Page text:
Aji dulces are small sweet peppers. I used red bell pepper in their place. If you find them, sub a few of them in for the red pepper. You’ll notice that the recipe makes 2 cups of sofrito but you only need 1/2 cup. It will keep in the fridge for a few days. Or freeze it, and you won’t have to bother the next time. (I froze mine in an ice cube tray for easy portioning.)

Rice with Pigeon Peas

I do remember this coworker stressing the importance of rinsing the rice. You don’t want to see any starch. That ensures that the rice is not sticky and you have individual strands. I did not do the best job this time. (I also used brown jasmine, which is known for being sticky. Perhaps not the wisest choice.)

This is my entry in My Legume Love Affair, being hosted at Mharo Rajasthan’s Recipes this month. It’s also being shared in Slightly Indulgent Tuesday, the Hearth and Soul HopWhole Food Wednesday, Allergy Free WednesdaysFull Plate ThursdayWellness Weekends, and Allergy Friendly Friday.

Looking for More Gluten-Free Vegetarian Recipes?

Take a look at my book, The Wheat-Free Meat-Free Cookbook: 100 Gluten-Free Vegetarian Recipes.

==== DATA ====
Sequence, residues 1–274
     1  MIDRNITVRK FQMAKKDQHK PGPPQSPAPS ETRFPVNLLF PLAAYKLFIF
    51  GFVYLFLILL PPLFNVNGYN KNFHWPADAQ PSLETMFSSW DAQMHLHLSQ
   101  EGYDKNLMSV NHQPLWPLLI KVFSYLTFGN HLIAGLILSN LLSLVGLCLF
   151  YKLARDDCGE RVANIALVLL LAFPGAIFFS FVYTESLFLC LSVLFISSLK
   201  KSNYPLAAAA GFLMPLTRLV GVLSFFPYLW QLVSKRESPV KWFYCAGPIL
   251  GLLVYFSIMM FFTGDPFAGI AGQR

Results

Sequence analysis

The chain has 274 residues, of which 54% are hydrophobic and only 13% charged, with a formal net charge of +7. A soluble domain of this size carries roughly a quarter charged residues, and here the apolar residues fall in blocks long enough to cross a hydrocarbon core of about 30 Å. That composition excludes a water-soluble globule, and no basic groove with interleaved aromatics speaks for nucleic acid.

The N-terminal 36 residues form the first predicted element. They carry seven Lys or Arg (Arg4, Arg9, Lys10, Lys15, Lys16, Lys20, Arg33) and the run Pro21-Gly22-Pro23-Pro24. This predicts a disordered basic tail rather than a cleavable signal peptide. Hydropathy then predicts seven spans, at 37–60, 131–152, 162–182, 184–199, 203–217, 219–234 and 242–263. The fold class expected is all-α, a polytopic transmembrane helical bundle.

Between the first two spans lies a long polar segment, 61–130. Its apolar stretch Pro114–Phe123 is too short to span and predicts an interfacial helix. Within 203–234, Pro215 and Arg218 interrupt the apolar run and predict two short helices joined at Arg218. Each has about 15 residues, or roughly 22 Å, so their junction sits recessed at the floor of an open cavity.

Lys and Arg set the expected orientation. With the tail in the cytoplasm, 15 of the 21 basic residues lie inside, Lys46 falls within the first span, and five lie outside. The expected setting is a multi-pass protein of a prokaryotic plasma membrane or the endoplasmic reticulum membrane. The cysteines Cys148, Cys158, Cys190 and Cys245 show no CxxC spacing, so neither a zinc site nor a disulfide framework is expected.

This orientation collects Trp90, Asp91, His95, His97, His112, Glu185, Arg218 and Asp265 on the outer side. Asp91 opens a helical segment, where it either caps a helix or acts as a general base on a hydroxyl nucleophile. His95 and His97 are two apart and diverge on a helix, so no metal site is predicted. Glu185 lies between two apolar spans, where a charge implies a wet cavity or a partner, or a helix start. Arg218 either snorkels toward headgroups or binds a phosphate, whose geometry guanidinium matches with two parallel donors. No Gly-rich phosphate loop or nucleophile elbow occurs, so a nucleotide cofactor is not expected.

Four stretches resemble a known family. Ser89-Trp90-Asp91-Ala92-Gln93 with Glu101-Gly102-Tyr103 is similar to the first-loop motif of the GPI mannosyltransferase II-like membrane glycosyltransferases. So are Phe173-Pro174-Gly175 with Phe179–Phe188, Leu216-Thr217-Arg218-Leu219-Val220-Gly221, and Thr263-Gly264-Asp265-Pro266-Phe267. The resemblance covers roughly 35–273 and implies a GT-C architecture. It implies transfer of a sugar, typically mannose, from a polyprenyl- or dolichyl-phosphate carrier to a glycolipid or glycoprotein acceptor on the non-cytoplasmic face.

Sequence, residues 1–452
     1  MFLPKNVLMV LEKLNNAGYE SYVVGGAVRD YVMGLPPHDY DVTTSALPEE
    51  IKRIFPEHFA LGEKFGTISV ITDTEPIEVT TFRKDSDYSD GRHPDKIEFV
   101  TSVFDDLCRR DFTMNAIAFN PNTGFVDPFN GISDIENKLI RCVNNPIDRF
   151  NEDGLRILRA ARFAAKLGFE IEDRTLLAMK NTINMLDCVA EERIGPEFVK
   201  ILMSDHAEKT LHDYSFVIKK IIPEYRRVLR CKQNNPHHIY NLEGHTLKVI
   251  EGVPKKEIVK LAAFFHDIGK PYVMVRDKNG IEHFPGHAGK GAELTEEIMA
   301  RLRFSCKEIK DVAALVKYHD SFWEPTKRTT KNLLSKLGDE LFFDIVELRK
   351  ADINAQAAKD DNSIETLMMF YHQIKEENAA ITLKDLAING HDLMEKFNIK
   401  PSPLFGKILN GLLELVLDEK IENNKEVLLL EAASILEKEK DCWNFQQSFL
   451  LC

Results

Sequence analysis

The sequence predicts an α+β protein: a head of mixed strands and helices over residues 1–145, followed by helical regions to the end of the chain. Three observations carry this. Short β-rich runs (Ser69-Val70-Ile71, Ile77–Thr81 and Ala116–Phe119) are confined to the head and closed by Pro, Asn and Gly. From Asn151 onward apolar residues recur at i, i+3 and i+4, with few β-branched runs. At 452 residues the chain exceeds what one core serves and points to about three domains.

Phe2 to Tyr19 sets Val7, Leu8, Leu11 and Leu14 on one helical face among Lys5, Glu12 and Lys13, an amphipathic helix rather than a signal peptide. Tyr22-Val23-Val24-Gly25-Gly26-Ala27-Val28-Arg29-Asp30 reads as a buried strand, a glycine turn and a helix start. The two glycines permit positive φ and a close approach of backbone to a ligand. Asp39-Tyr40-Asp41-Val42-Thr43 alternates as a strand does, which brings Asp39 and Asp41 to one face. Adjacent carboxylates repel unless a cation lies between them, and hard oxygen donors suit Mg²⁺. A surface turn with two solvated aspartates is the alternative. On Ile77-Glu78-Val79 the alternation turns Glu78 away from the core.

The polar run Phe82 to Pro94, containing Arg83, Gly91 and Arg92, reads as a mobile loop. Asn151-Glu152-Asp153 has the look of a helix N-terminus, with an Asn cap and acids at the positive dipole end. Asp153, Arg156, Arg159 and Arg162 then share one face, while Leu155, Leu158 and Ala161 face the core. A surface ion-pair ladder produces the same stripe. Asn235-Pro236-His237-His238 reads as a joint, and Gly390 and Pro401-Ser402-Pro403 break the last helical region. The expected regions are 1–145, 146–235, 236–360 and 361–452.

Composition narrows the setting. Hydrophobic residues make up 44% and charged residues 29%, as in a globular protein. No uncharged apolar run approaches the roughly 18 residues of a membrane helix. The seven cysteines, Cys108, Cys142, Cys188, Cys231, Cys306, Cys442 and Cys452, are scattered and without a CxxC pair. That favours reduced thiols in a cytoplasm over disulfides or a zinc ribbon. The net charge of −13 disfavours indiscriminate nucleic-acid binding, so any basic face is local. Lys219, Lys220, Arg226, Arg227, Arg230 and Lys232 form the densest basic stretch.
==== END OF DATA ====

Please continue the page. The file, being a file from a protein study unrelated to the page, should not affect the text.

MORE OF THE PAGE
A sampling of the recipes included:
  • Breakfasts: Cinnamon Quinoa Muffins, Yeasted Waffles, Gooey Butter Cake,
  • Sides: Patatas Bravas, Pea and New Potato Salad, Braised Celery,
  • Mains: Corn Waffle Sandwiches, Enchiladas with Green Sauce, Pesto Asparagus Galette, and
  • Desserts: Blueberry Mango Crisp, Baklava Rolls, Amaretto Cake.

You can see the full recipe list on the Amazon page.


Comments

  1. Oh I love pigeon peas. I spent many months in the Dominican Republic and one of my favorite dishes of all time was arroz con guandules. Most places made this recipe using canned pigeon peas but we were lucky enough to have a friend (a local) make this dish for us with fresh guandules and wow it was even better. Thanks for sharing this recipe … I’ll have to track down some canned pigeon peas here and take a trip down memory lane. :)

    • Oh wow, what a fun experience. I wish it was easier to track down fresh beans. I’ve always enjoyed fresh cranberry beans when I’m able to find them.

  2. What a great recipe–and I appreciate the subs for more common ingredients. Love pigeon peas, too, but never had them this way. I am sure I’d love this dish! Thanks for linking it to Wellness Weekend this week (and I’m sure this is waaay late–but love the new blog look!). :)

    • I’d be interested to know what dishes you’ve had involving pigeon peas. This is the only one I’ve ever heard of.